Dr Ambrose So (third from left), chief executive of SJM, and Angela Leong, managing director (second from right), break ground on the Lisboa Palace
The Wynn Macau has a mechanical dragon, the Galaxy Macau has a huge wave pool, and the Venetian Macau has, well, Venice.
The next wave of casinos in Asia's gambling capital will even have a replica of the Eiffel Tower while the ultra-luxury Louis XIII hotel will have a giant diamond encrusted in the roof.
But for now, SJM, Macau's only home-grown casino group – founded by tycoon Stanley Ho – has to make do with golden shovels.
Thursday saw the groundbreaking ceremony for the company’s first casino resort on the Cotai Strip – Lisboa Palace – which is due to open in 2017.
SJM said it will cost HK$30 billion to build but that it has about HK$20 billion in cash and operating cashflow of HK$7 billion to HK$8 billion, making a fund-raising trip to capital markets unnecessary.
In case there was ever any doubt, Ambrose So, chief executive of SJM, moved to reassure the reporters gathered that it was not to be confused with the Wynn Palace being built next door. “Wynn is Wynn, this is Lisboa, so there will be no confusion. If you tell the taxi driver you want to go to Lisboa Palace they wont take you to Wynn Palace, and vice-versa,” he said.
The comment was timely because the six gaming groups that dominate Macau face a growing battle for customers; a demographic that up until recently seemed simple, in that they were just gamblers.
Now, however, the government of Macau is pushing hard to reduce the economy’s reliance on gambling and gaming.
“The government has indicated table allocation will depend on non-gaming offerings but no clear metric has been provided,” analysts at Nomura said in a recent report.
Macau's six principal casino groups – Wynn Macau, Galaxy Entertainment, MGM China, Sands China, SJM and Melco – have introduced, to varying degrees, alternative streams of revenue, such as high-end restaurants and luxury goods shops. Some have even re-configured their casino complexes as leisure destinations, such as the Galaxy Macau, which contains a cinema and a large swimming pool.
The stakes in this push for greater diversification are huge because the rewards from operating in Macau have to date been so high. It is widely known that Macau’s gaming revenues outstrip those of Las Vegas by a factor of six.
But how far can growth continue? Macau’s gaming sector revenue grew 7% in January to US$3.6 million but the year-on-year growth was the lowest in 14 months and missed analysts’ expectations of 11%-15% growth.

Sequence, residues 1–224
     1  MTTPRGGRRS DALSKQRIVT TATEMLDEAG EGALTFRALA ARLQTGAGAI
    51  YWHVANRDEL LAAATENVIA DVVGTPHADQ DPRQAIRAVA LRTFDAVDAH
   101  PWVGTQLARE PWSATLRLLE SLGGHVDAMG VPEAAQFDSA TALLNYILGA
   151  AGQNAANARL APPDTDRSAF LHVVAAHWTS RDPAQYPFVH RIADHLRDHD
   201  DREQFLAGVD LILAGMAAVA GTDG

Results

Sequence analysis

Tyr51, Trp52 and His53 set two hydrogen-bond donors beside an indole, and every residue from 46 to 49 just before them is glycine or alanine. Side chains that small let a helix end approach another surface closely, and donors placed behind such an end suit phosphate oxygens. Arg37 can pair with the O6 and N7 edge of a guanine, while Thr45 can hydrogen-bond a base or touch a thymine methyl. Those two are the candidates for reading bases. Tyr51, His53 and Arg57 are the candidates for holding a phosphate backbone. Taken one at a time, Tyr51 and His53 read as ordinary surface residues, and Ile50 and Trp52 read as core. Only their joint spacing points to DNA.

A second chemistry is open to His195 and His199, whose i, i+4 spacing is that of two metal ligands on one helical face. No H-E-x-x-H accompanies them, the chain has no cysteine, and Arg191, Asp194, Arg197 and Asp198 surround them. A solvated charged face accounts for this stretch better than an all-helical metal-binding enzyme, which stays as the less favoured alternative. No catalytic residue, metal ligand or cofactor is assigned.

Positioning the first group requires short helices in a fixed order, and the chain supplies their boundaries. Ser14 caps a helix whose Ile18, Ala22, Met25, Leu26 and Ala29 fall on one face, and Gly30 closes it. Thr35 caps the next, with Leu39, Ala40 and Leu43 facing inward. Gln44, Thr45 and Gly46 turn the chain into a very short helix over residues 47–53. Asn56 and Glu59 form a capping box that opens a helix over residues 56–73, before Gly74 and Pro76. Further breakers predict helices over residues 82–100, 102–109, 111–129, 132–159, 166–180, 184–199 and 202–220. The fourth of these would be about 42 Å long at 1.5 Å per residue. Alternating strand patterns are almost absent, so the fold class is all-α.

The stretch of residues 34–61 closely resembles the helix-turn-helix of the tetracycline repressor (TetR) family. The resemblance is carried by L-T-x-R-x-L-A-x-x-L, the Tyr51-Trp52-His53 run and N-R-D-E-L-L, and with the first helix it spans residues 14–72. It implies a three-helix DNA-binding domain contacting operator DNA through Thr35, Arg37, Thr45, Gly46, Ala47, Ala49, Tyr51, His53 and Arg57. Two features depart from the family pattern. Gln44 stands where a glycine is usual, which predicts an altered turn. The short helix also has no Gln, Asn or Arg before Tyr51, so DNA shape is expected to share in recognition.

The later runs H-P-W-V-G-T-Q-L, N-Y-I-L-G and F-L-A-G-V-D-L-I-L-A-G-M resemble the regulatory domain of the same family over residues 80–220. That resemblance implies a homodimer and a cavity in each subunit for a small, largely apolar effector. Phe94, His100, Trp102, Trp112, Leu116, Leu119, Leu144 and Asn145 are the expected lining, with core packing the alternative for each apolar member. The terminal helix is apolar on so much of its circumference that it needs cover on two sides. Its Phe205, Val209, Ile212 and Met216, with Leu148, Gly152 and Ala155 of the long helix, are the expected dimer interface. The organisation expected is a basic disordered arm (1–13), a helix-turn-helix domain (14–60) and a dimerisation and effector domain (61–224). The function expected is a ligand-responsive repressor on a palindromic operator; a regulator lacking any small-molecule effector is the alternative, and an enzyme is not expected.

The gaming revenue growth seen in January was the slowest for 14 months.
One thing is clear: people are still flooding into Macau. Visitors totaled 22,907,724 in 2008 and are expected to hit 31,267,986 this year, according to the Nomura report.
Compounding this will be the opening in 2016 of a bridge linking Hong Kong with Macau, which will make life easier for those put off by the ferry ride; currently the only method of travelling between the two cities – helicopters aside.
So the message that is emerging is that the gaming groups need to spread their wings to better take advantage of visitor numbers and ride out any potential drop-off of gamblers; which are just as susceptible to a downturn as banks and the high street.
And here SJM has work to do as it is still heavily reliant on gamblers. In 2013 it had the biggest market share in terms of the number of gaming tables (30.9%), Nomura said, but non-gaming Ebitda for 2013 was an estimated US$30.1 million, the lowest of the six operators.
In comparison, Sands China made US$617 million from non-gaming Ebitda in 2013; Wynn Macau US$194.1 million; Galaxy US$74.4 million; Melco US$69.1 million; and MGM China US$31.4 million.
As a result, Macau's diversification drive is perhaps more stark for SJM than for the five others, which from outward appearances seem to have a head start. Not so, said So.
“We don’t think we are late … we are just in time to catch the traffic,” he said. “Over 90% of the total area of the project will be devoted to non-gaming activities.”
The Lisboa Palace will of course boast gaming facilities: 700 gaming tables and more than 1,200 slot machines. In context, the Grand Lisboa, also operated by SJM, has more than 230 gaming tables.
But the complex will also have luxury restaurants and shopping, an entire tower designed by Versace, ornate gardens, a theatre and a huge “wedding pavilion” – presumably in an effort to defeat Vegas in shotgun weddings as well as gaming revenues.
This may all sound familiar but So thought otherwise: “We are not copying others. This is very original and authentic. The Eiffel Tower is a very strong icon but why can you not go to Paris and look at the authentic one? Why do you need to have a replica here? Why do you go to a museum? Because you want to see the originals; you don’t want to see replicas.”
It may also sound strange in a city that has effectively copied and mastered the Las Vegas model – why go to Vegas when you can go to Macau?
It is also a brave CEO that lambasts rivals’ imitations at the groundbreaking ceremony of a casino complex that effectively borrows ideas, designs and architecture from Europe and elsewhere.
But these are the risks that go with such huge stakes. And SJM is not alone as we head towards another phase in the development of the Macau juggernaut.
If the bet goes awry all six operators, not just SJM, may need more than golden shovels to dig themselves out.
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